As I am working on the day of the party, I will update the list with direct links to the posts on Sunday, but you should be easily able to find their posts as they go live.
At the bottom half of the page you will find my contributions to our event.
To the bloggers participating, please add links to your posts in the comments incase my reader is not working to make it easier for me to find your books and freebies.
Newfoundland and Labrador: None Confirmed
Nova Scotia: Mrs. D @ Reading with Miss D
New Brunswick: None Confirmed
Prince Edward Island: Krystal @ Lessons from the Middle
Quebec: Leslie @ The Groovy Teacher
Ontario: Anne @ Looking from Third to Fourth
Manitoba: Sara Kerr @
Saskatchewan: None Confirmed
Alberta: Brittany @ Lovely Literacy & More
British Columbia: Charlene @ Diamond Moms Treasury
Lee Fisher @ Homeschool Canada (possibly)
Yukon: None Confirmed
Northwest Territories: None Confirmed
Nunavut: Sandi @ Rubber boots and Elf Shoes
And now for my chosen book:
How Summer Came to Canada
The Native peoples of Eastern Canada are the Micmacs. This short book tells one of their tales about Glooscap (their creator?) and and how he helped to bring Summer to Canada (and by extension Spring and Fall)
Do you know how to play red light-green light? In this version, students try to get to the other side when Summer is called, but must be frozen when Winter is called. I call this Summer-Winter, lol.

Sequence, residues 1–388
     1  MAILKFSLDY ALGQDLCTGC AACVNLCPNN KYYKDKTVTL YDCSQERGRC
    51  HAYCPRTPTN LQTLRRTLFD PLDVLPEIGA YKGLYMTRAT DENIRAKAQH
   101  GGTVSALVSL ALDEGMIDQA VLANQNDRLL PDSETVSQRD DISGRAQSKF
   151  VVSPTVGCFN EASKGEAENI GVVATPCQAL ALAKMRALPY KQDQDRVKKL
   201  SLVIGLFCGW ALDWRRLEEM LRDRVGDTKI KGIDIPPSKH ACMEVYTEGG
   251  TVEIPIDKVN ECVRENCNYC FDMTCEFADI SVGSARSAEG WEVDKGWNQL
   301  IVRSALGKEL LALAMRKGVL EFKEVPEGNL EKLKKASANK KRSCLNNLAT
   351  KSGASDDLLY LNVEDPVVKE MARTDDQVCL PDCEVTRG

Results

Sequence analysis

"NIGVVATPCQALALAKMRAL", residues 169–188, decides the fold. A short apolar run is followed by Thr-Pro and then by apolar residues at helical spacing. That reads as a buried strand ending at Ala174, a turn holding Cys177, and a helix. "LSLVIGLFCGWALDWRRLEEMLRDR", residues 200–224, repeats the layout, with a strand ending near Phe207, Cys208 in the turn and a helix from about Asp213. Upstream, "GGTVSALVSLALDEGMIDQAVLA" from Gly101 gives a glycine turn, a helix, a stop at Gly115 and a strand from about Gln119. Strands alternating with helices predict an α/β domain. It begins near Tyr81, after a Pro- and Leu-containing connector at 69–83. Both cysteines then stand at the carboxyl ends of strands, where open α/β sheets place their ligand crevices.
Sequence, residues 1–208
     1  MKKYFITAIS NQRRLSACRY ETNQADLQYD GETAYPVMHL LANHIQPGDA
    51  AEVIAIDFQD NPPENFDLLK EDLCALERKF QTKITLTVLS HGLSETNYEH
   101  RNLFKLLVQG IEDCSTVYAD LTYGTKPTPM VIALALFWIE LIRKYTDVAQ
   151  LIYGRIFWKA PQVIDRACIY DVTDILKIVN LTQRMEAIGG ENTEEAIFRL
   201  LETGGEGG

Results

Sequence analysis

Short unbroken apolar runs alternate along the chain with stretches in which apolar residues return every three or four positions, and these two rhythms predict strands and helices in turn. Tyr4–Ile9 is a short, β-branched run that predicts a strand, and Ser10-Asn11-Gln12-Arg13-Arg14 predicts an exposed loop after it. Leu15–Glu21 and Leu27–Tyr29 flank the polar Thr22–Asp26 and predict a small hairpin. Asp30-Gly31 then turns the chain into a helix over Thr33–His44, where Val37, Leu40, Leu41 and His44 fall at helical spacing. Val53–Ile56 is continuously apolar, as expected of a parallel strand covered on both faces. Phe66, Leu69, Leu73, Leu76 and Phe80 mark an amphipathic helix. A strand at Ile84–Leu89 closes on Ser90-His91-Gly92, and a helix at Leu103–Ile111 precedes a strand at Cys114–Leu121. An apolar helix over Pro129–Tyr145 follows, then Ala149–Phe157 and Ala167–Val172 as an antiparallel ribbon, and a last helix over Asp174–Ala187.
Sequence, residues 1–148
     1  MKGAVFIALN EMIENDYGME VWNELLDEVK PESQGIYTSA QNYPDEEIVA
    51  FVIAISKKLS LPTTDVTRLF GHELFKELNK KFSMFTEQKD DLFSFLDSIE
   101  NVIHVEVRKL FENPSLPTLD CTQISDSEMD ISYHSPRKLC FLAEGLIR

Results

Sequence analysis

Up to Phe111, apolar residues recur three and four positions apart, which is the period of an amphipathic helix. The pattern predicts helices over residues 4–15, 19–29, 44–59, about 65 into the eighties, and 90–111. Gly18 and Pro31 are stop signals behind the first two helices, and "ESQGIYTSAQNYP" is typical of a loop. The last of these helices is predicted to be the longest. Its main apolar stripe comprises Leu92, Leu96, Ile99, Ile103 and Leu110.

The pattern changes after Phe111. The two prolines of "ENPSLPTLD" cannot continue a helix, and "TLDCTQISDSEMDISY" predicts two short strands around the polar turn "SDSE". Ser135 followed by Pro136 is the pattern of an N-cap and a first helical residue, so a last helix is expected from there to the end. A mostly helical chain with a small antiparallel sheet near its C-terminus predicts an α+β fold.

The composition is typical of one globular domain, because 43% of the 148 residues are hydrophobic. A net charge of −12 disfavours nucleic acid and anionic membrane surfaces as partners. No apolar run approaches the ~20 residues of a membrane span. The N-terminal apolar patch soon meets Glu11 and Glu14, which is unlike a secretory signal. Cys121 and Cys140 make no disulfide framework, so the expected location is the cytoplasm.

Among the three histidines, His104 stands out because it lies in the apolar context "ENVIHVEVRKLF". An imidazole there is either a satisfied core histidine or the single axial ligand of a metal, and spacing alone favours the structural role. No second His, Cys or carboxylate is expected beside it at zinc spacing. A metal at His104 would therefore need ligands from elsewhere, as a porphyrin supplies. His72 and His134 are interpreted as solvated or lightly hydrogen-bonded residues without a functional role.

Throughout the book students can see the artist didn't draw or paint the pages, but instead used torn paper and bits of nature. So for this activity, students will use a variety of media to create a picture.
Take a large sheet of construction paper/art paper and fold in half. On the top or bottom of each side print clearly either Summer or Winter.
Have students collect twigs, and glue one on each side.
On the side labelled Winter, students may add additional smaller twigs to show the branches of the tree. Perhaps use cotton balls for snow in the trees and on the ground? Use torn white paper to make snow drifts on the ground.
On the side labelled Summer, students may glue bits of leaves torn, or torn green papers to show the tree in summer. Also, colours may be added to show flowers.
Have students take the part of Winter or Summer and write a letter to the other (or Glooscap) and tell them about what the land is like in their absence.
Have students put the four seasons in the medicine wheel, and draw arcs around the outside to show when Summer and Winter are present in the land.